Unlike its DX counterpart, the Nikon 70-300mm VR AF-P thankfully has a VR switch, so if you want to mount your camera on a tripod and turn off stabilization, you can easily do so without having to dig in the camera menu. For most subjects, I would recommend to keep VR in “Normal” mode, but if you are shooting fast-moving subjects that require some panning, the “Sport” mode will do a better job.
While one cannot expect a budget lens to yield exceptionally good bokeh, the Nikon 70-300mm VR AF-P actually produces decent results. Out of focus highlights appear pleasing to look at when shooting at long focal lengths, with fairly smooth transitions:
As I have already pointed out, the minimum focus distance on the AF-P model has been reduced to 1.2 meters, so you can get even closer to your subjects, making the background appear even more out of focus.
Unfortunately, the lens suffers from quite a bit of vignetting at large apertures, especially when zoomed in beyond 100mm. Light fall-off is not particular to the edges of the frame – it spreads almost to the mid-frame area, making manual corrections somewhat difficult. Imatest measured up to 1.4 EV of vignetting at 300mm @ f/5.6, which gets reduced substantially when stopped down to f/8 and smaller. Below are the results from the lab tests:
To see how bad vignetting can get at 300mm, take a look at the below before / after images. The “Before” image shows pronounced vignetting affecting large areas of the frame, whereas the “After” image is what the image looked like after Lens Corrections were applied in Lightroom:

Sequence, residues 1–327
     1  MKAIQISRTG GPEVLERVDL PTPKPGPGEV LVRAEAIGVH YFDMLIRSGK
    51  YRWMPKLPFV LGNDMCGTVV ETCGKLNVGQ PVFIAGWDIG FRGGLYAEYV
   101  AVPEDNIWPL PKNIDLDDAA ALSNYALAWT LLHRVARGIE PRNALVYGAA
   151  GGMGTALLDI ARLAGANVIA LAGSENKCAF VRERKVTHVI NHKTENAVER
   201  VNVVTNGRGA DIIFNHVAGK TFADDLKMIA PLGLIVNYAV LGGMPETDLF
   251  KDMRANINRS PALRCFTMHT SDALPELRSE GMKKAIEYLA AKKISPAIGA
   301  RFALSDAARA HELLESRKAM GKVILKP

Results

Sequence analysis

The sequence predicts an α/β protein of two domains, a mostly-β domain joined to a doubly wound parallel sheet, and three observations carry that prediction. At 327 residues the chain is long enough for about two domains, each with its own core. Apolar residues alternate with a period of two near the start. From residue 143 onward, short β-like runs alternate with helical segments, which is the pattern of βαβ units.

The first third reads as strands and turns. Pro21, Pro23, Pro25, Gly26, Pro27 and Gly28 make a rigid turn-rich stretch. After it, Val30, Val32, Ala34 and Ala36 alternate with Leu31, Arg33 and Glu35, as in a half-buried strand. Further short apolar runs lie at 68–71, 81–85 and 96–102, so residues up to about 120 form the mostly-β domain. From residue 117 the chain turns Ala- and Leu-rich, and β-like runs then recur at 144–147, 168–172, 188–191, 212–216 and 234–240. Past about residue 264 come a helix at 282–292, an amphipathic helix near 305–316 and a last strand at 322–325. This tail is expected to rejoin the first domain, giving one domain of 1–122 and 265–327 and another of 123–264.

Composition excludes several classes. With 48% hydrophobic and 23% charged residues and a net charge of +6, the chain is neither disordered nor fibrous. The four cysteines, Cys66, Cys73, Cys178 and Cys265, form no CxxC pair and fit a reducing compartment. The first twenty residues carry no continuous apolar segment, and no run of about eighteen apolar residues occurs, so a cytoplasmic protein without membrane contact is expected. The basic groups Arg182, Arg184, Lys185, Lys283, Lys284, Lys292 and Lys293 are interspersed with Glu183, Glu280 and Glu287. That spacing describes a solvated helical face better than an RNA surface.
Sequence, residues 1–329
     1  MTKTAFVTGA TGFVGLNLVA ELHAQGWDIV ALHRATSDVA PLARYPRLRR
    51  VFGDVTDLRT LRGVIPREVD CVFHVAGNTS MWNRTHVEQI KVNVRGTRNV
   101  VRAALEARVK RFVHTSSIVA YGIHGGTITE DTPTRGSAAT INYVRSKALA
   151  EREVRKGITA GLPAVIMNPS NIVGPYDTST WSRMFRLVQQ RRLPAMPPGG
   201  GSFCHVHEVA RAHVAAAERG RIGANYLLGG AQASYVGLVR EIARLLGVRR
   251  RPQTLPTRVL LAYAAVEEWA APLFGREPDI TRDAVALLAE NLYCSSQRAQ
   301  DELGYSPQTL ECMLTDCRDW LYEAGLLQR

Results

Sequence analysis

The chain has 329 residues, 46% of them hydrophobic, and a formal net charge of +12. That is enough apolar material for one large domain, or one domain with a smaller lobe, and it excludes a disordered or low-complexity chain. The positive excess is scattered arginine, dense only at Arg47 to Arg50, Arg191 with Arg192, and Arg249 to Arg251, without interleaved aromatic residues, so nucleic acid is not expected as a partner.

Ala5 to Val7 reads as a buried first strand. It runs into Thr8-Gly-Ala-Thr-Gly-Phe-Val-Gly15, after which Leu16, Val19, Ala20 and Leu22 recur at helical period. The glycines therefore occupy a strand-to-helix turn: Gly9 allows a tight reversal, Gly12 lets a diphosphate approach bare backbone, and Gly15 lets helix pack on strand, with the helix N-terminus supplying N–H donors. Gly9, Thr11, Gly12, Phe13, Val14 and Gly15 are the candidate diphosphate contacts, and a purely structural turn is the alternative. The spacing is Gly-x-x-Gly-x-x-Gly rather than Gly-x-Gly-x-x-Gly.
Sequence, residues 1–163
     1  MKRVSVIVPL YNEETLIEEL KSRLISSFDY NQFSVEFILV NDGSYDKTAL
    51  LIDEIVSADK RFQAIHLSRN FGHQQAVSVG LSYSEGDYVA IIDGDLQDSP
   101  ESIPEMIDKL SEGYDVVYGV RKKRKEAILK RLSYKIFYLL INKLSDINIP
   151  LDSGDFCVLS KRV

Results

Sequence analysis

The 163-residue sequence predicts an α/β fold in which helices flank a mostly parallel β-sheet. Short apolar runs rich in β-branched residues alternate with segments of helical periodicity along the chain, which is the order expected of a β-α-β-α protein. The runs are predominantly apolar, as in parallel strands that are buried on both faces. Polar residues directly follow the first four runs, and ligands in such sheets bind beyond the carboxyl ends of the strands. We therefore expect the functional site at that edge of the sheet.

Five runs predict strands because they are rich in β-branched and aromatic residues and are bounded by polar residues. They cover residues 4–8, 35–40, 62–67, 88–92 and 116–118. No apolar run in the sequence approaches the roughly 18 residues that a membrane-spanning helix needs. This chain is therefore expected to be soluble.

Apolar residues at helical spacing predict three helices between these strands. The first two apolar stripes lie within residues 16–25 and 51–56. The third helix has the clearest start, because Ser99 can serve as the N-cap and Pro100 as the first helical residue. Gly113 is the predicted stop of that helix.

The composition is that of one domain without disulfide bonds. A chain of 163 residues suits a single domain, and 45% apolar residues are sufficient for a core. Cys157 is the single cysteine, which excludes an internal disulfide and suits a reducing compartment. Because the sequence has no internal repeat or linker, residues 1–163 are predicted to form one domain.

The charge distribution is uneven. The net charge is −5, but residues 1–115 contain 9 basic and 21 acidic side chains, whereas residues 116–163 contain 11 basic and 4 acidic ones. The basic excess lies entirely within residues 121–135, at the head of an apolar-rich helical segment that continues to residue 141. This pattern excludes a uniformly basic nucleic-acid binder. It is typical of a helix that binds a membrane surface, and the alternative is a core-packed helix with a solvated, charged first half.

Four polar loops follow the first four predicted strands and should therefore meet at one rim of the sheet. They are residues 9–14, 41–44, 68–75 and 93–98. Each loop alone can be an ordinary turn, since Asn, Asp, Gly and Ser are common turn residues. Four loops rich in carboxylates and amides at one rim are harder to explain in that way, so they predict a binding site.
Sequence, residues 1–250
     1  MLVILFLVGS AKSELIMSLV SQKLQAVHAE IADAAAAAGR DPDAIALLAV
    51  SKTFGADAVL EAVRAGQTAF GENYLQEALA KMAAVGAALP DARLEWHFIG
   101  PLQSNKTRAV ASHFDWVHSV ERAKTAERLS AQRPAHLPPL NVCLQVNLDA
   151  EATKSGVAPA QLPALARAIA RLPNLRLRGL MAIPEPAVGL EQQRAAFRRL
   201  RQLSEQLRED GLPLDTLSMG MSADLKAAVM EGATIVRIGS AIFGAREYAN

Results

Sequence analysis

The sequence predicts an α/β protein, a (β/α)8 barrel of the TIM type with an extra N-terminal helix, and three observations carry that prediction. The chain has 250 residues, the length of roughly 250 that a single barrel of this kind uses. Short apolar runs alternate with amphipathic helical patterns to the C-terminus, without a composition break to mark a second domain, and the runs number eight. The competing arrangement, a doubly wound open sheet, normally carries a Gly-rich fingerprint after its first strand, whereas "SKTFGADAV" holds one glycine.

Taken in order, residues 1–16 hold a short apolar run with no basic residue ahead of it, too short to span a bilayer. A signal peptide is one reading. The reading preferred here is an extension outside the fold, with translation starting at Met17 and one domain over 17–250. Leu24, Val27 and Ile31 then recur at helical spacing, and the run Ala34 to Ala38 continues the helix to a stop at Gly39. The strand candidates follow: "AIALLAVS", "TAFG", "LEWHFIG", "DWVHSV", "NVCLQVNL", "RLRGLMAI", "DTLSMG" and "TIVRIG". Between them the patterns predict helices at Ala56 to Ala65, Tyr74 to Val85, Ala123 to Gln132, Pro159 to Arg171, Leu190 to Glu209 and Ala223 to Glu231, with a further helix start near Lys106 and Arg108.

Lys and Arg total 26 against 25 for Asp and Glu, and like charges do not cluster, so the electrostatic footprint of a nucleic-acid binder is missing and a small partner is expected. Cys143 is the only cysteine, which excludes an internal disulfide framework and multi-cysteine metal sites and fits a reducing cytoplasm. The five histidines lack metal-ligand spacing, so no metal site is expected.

While I personally like vignetting from some particular lenses, I found it to be rather distracting on the 70-300mm VR AF-P, so I would recommend to take care of it in post-processing.
Ghosting and Flare
While all telephoto lenses are prone to ghosting and flare issues, the Nikon 70-300mm VR AF-P is a particular offender. There is a good reason why the lens hood is so large on this lens – I would recommend to always keep it on to prevent light from ever reaching the front element. Since Nikon’s Nano coating is not applied to the lens, it certainly shows when including any bright objects in the frame. Take a look at the below image of the moon and Venus:
As you can see, there is a large white “blob” in the middle of the frame, which is basically flare created by a long 6 second exposure from the bright part of the moon. Such blobs can be quite difficult to take care of in post-processing. With some fiddling in Photoshop, I was able to take care of the problem, but it was painful and time-consuming:
In short, keep that lens hood on and stay away from photographing bright subjects!
Lateral chromatic aberration is controlled very nicely, with 70mm showing the worst performance overall, nearing 1 pixel. The good news is that unlike the Nikon 70-300mm f/4.5-5.6G VR, this one does not have nasty CA at 300mm, as seen from the below chart:
If you get annoyed by purple or green outlines, you can take care of them quickly in post-processing software. Enabling “Remove Chromatic Aberration” option in Lightroom worked out really well for most of the images for me.
The Nikon 70-300mm VR AF-P has a pronounced level of distortion at the short end – Imatest measured 1.34% barrel distortion at 70mm. However, barrel distortion is significantly reduced as you zoom in, showing only around 0.38% at 100mm. By 135mm, distortion is practically gone – Imatest measured 0.06% pincushion distortion, which is basically non-existent:
This is much more improved when compared to the 70-300mm f/4.5-5.6G VR, which shows more pronounced pincushion distortion at longer focal lengths.